Fannie Lou Hamer’s life took a dramatic turn the day she attended, out of curiosity, a mass meeting to learn about voting. It was August 1962 and Hamer, who was forty-four years old, wasn’t even sure what a “mass meeting” was. “I was just curious to go, so I did,” she said. The meeting was organized by the Student Nonviolent Coordinating Committee (SNCC), a civil rights group, and Hamer learnt for the first time that black people had the right to vote; something she’d never known before. Hamer decided on the spot to register to vote. And so on the 31st of August later that year, she boarded a bus alongside seventeen others and traveled to the county courthouse in Indianola to register to vote. Upon their arrival, they were required to take literacy tests, an obvious decoy by the government to keep them from exercising their civic responsibilities. She failed the test, and was denied voter registration, alongside the other seventeen.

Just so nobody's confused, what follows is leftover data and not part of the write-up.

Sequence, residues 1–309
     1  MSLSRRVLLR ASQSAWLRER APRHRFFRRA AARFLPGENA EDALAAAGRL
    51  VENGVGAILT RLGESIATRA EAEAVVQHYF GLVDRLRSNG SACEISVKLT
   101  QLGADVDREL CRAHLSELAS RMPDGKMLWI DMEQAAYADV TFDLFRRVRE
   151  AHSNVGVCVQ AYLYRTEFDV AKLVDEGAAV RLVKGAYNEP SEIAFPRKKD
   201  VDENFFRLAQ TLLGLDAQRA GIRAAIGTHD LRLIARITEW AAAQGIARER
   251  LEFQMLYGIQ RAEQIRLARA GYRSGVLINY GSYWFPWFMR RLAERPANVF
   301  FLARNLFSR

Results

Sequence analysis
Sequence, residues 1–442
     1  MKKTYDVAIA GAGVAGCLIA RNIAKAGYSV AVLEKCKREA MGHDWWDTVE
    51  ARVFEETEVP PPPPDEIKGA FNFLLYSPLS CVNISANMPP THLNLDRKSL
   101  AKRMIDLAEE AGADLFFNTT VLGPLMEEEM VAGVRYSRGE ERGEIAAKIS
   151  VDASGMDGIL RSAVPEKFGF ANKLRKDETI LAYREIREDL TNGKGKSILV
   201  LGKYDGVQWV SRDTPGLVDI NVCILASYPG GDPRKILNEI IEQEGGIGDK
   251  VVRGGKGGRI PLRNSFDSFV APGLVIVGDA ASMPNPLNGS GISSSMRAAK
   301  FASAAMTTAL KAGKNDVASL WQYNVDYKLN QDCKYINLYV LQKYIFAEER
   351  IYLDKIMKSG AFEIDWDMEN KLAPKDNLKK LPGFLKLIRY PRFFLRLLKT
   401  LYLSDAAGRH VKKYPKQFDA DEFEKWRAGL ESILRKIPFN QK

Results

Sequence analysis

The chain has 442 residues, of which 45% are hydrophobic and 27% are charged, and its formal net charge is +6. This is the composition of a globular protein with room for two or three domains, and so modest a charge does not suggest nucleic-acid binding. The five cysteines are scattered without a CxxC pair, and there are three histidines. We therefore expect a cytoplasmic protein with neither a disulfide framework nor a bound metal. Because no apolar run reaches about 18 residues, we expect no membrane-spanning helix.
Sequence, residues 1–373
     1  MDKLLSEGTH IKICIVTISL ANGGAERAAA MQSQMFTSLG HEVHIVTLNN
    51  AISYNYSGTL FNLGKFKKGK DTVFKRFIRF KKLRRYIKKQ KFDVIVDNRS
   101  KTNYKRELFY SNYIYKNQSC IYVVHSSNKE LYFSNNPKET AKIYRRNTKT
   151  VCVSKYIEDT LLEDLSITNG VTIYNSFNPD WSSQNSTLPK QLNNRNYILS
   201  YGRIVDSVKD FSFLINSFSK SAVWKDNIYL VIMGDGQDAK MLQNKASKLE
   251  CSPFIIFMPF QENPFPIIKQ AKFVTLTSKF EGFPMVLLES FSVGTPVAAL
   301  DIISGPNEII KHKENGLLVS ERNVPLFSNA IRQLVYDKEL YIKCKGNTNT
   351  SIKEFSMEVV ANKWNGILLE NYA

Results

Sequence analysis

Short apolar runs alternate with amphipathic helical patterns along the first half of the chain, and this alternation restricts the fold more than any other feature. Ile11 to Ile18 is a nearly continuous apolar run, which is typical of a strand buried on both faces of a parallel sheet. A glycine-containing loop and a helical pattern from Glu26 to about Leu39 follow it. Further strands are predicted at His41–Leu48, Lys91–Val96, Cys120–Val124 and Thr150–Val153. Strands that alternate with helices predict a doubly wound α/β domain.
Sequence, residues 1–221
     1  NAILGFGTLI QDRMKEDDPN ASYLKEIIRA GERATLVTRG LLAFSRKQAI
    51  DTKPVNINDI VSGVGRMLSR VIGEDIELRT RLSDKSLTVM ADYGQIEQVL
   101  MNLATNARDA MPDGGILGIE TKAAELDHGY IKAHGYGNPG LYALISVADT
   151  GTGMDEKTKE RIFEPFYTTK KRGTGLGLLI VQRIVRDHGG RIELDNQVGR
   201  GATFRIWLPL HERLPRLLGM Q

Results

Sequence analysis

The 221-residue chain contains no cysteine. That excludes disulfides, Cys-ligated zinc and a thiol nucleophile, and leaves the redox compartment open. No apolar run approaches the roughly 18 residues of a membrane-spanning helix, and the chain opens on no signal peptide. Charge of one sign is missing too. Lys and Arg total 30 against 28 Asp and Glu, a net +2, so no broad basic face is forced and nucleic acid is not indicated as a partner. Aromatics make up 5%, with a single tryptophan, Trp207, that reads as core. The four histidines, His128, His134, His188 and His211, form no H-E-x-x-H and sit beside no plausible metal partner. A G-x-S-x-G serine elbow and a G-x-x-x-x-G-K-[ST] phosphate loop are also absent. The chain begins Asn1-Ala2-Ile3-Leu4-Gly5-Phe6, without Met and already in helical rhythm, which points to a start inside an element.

Such brave defiance came at a great cost for Hamer and her family. The following day, both Hamer and her husband were thrown off their jobs at the plantation where they’d lived for eighteen years- just for trying to register to vote. In her testimony before the credentials committee, Hamer said, in response to the plantation owner, “I didn’t try to register for you. I tried to register for myself.” Hamer with her family both lost the plantation they’d known as home for almost two decades. But these actions only solidified Hamer’s resolve to help other African Americans get the right to vote. According to The New York Times, she said, “They kicked me off the plantation, they set me free. It’s the best thing that could happen. Now I can work for my people.”